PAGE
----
Advanced Driving School Tips
If you want to maximize the potential of your car at the race track, you might benefit from following these basic guidelines.
Learn and Predict Weight Management
Expert level car control starts with a mastery of weight transfer. Cars are extremely sensitive to rotation on the limit. So anything you do to drop the nose (think lifting off the throttle in a constant radius corner) or upset the balance of the car can spell out big problems on corner entry and mid-corner. Transitions that challenge other drivers become a breeze when you master how to place a vehicle's weight. Be smooth and give inputs that are purposeful, but not overly aggressive.
Tires can quite literally make or break your entire driving experience. New rubber like the RE71R and Rival S 1.5 are the minimum when it comes to acceptable grip for any high-performance machine. Good tires help a driver get on the throttle earlier while planting the rear end. And when it comes to lap times, early application of the throttle is king. Getting used to high grip tires will help you understand what the vehicle is truly capable of, and establish a higher level baseline for track days.
Trail Brake At Your Own Risk
On autocross courses, where speeds are low and hairpins are tight, you can actually benefit from trail braking and getting the back end of the car to step out. But this technique should be kept to slow corners. When speeds start increasing, trail braking can become quite alarming in any car—especially if it’s not setup correctly. It’s a very fine line of human error, and more often than not, the risk is not worth the reward.
Work on Loading the Car
As you go through a constant radius corner and increase speed, you will hopefully be approaching the limit gradually. The advanced driving technique is to get up to this limit as quickly as possible without stepping over it. Easier said than done, especially on cold tires. Advanced drivers can ascertain where the limit is by using an innate feel of when the car is going to break loose. This sixth sense comes from hours of seat time without varying the grip level in the tires (i.e. you are not practicing one time on RE71R and the next on all season Michelins). This is more or less down to muscle memory.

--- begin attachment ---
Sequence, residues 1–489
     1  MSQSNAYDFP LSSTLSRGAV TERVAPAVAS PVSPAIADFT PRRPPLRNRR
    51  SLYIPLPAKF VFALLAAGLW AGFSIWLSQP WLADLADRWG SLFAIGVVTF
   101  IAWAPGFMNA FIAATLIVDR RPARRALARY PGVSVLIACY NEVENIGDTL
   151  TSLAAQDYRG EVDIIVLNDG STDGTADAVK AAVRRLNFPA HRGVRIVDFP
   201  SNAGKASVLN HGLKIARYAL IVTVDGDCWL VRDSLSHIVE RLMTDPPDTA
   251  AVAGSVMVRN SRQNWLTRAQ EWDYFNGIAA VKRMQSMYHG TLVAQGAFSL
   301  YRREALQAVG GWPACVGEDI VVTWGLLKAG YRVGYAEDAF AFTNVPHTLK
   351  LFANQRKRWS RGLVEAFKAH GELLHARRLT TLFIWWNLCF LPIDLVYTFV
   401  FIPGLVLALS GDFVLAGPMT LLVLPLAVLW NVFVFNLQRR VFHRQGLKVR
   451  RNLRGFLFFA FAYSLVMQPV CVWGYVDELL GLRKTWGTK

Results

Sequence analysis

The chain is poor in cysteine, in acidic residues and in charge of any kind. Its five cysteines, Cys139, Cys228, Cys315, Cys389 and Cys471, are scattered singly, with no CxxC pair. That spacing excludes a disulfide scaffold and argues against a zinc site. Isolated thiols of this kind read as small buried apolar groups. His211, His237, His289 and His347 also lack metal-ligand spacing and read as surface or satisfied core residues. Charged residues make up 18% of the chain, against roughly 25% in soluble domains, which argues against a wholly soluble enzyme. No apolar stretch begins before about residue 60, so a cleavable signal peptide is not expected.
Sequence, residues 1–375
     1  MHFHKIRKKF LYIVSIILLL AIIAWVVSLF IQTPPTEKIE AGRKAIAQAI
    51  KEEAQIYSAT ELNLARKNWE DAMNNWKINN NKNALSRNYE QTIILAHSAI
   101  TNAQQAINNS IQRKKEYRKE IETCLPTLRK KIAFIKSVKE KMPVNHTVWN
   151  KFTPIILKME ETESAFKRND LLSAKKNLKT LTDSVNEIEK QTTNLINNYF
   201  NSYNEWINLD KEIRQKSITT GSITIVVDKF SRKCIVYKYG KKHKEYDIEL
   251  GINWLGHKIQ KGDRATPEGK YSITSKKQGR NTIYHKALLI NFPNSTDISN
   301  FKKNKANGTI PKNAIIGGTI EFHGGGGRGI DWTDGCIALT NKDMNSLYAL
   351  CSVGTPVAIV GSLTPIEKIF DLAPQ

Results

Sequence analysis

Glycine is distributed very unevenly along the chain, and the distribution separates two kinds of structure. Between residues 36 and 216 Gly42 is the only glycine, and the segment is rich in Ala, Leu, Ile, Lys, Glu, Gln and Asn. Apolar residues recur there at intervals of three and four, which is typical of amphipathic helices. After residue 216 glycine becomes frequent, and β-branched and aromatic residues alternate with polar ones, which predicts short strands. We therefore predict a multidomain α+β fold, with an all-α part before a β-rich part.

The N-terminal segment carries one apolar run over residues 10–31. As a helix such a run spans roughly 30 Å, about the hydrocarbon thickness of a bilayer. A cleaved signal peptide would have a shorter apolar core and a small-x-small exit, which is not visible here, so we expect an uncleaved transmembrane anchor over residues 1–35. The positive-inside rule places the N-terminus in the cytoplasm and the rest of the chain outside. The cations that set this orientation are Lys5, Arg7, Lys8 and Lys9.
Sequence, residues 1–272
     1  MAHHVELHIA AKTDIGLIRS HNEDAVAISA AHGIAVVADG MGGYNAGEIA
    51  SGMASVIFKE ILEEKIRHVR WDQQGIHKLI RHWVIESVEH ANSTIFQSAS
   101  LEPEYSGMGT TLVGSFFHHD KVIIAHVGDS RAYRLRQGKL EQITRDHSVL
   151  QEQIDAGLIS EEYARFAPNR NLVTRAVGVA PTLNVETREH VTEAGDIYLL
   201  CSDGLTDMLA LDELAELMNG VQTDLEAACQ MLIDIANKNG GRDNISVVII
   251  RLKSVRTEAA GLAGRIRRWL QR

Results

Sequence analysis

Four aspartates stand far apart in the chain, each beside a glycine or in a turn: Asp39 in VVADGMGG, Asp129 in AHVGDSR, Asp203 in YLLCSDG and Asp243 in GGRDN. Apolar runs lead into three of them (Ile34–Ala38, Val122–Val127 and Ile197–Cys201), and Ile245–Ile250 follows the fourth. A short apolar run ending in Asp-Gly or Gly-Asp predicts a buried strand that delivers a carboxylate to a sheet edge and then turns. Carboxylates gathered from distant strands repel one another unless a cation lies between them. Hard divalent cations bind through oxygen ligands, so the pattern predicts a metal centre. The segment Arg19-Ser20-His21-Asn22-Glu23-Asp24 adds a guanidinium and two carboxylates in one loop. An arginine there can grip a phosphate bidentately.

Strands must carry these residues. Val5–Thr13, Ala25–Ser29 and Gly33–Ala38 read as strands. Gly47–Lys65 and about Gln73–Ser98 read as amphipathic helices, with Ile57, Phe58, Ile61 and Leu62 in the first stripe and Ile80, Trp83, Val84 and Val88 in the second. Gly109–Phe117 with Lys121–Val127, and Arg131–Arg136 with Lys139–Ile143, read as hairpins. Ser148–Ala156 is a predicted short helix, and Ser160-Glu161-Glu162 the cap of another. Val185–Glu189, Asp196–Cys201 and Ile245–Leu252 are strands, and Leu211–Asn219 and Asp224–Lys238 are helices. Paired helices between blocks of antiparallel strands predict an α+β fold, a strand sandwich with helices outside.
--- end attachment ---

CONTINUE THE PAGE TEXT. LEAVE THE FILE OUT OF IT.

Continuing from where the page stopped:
Roll Into the Corners
Many intermediate drivers who can cut great lap times are still guilty of steering too abruptly. You will often see in videos of guys fighting the wheel back and forth. In the industry, we call this action “chopping wood” or “seesawing” the wheel. Turn in should be like rolling the wheel as little you need to to make the corner. Anything more and you will be upsetting the chassis and costing time.
Use The Whole Road
Lots of drivers know that they need to use the whole circuit but there are hidden parts of circuits you can use that people ignore. A great example of this is the inside curb on turn 10 at Laguna Seca. Using small parts of the track that others don’t can unlock a new level in your lap time by opening up the corners and making them less dramatic. Sometimes the advanced line is much more simple than you think.
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